posted by Matt Ward on Sep 23, 2009.
Long hours spent designing can get tiresome. Sometimes we need to put the stylus down and walk away, take a breather, get our heads cleared before coming back. Sometimes, though, we just need a giggle! In this post, I highlight 4 design related comics that you can check out and read, and hopefully indulge yourself in for a bit of well deserved entertainment!
Any experienced designer would probably tell you that, though they love their job, it can sometimes become tiresome. Long hours spent starting at a screen, wielding a stylus and/or converting files can leave you in a very fragile state – physically, mentally and sometimes even emotionally! Sometimes we need to put the stylus down and walk away, take a breather, get our heads cleared before coming back.
Sometimes, though, we just need a giggle!
Fortunately, there’s plenty of ways to get a quick fix of humour. One of my favorites is web comics. Today, I am bringing you 4 design related comics that you can check out and read, and hopefully indulge yourself in that greatest of medicines – fits of uncontrollable laughter! Or at least a smile or a chuckle.
Drawn and written by Brad Colbow, “The Brads” is my personal favorite at the moment. It’s about two designers, both named Brad, working hard to build their own web design company. The strip also involves their pet pig and focuses on their adventures as designers, often making light of some of the many challenges that designers face.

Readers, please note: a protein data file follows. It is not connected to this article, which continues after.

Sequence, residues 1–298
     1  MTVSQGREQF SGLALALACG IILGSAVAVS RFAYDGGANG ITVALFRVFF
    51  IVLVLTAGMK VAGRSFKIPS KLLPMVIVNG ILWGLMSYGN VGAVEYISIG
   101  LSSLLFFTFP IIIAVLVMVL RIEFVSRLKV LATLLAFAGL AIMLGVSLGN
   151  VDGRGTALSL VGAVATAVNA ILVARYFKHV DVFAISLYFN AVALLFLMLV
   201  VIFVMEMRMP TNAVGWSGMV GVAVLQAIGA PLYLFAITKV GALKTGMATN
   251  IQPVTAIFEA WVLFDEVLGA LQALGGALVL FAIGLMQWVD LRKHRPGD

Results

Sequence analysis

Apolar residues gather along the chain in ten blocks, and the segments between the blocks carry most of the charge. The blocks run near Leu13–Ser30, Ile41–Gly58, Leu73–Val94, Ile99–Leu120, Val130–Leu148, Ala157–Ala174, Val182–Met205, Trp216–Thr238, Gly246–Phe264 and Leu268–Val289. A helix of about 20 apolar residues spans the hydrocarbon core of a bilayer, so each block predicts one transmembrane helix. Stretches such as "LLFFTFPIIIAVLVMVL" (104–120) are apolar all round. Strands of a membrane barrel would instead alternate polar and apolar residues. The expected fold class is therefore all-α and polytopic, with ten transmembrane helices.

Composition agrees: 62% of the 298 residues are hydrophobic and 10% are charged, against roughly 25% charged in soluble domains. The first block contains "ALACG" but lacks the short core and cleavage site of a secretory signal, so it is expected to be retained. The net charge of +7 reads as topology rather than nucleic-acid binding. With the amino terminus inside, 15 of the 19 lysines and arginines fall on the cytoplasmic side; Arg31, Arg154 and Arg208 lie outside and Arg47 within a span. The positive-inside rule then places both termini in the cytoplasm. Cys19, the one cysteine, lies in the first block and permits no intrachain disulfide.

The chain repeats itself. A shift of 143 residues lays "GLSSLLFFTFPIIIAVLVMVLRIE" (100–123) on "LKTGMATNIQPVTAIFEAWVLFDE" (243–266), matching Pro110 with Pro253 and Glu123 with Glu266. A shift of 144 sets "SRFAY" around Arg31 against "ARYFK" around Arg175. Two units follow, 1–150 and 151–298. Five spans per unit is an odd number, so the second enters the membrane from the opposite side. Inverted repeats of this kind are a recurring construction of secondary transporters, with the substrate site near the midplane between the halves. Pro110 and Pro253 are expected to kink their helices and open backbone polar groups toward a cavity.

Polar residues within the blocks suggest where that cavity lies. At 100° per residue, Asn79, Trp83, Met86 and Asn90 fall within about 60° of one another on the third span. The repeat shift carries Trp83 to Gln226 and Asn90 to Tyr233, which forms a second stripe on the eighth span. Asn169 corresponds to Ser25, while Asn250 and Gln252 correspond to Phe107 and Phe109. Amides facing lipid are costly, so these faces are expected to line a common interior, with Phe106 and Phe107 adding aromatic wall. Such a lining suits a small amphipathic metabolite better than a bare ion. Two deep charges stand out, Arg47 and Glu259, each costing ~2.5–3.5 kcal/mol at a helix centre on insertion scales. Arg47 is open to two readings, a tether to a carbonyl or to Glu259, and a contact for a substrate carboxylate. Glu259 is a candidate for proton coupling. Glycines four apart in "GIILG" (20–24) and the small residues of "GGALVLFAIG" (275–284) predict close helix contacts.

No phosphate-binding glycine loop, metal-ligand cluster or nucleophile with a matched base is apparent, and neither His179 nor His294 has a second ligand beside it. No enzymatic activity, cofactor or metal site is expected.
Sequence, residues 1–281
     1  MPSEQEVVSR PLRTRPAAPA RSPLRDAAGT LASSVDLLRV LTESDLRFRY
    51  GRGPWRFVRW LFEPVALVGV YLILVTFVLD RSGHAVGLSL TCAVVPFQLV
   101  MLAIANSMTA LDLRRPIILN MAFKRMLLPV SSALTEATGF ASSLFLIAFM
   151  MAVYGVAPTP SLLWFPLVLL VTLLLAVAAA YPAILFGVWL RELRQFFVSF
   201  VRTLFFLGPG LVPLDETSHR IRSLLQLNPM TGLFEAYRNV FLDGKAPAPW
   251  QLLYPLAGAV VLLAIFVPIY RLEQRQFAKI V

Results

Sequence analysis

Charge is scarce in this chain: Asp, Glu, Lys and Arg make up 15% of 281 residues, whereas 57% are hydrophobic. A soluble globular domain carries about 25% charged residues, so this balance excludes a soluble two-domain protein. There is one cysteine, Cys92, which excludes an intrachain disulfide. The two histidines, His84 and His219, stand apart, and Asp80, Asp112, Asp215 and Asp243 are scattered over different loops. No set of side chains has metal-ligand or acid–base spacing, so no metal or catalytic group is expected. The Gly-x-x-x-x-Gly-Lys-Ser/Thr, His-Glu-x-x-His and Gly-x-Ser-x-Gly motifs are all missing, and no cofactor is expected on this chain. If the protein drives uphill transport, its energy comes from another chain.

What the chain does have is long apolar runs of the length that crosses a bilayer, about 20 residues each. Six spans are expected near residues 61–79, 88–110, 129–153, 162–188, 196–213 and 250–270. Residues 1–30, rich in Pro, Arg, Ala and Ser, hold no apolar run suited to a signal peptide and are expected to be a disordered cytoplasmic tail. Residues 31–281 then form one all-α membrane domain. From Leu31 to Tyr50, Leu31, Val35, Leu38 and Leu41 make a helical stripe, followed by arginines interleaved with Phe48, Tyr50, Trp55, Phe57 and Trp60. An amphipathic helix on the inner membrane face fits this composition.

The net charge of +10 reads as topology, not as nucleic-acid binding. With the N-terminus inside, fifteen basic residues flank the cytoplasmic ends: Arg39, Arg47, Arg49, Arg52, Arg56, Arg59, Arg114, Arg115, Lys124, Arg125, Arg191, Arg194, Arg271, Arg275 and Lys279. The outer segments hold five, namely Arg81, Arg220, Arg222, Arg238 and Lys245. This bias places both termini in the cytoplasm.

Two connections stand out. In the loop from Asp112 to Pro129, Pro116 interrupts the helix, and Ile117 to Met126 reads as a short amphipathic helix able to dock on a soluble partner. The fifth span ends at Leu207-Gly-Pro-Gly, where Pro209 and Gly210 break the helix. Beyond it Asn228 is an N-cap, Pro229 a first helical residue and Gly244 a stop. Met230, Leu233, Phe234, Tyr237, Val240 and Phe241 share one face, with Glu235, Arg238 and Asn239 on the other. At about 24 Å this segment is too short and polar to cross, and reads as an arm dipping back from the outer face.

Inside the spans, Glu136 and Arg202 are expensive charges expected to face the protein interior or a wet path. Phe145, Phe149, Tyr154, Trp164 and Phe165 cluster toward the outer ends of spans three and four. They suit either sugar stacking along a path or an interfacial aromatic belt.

The humour is often derived from one of the Brads responding to some unreasonable or uninformed client, though there is also humour in their own interactions and use of various technologies.
I also love the art in this one. It’s really simple, but the characters are well designed and have a lot of…well…character! I really enjoy this strip, and if you’re at all involved with web design, you probably will too.
This strip appears on the Freelance Switch site, and deals with a main character who is a freelance designer. The different comics chronicle the freelancer’s various interactions with clients, friends and associates, and really tends to glorify the freelancer’s life, though it does also outline some of the issues that arise from time to time.
There are two things I love about the art in this comic. First, I think it’s really cool the way Winters always chooses a single colour for each individual strip. This particular example is done in orangish-yellow, but others are blue, purple, green red and so on. It’s a really cool colouring technique that I don’t remember seeing before. I also love the way he build halftones into his backgrounds. I’m a pretty big fan of well used halftones to begin with, but their use here is also great tribute to traditional, old school printed comics!
Kopozky is a highly caricatured strip about a small web design firm. Each character represents one of the stereotypes that you might expect to find in such a firm. There is the Designer, the Developer, the Copywriter and, of course Mr. Kopozky himself. This crazy cast of characters gets into all sorts of comedic misadventures, such as this one, featuring the Designer and the Copywriter: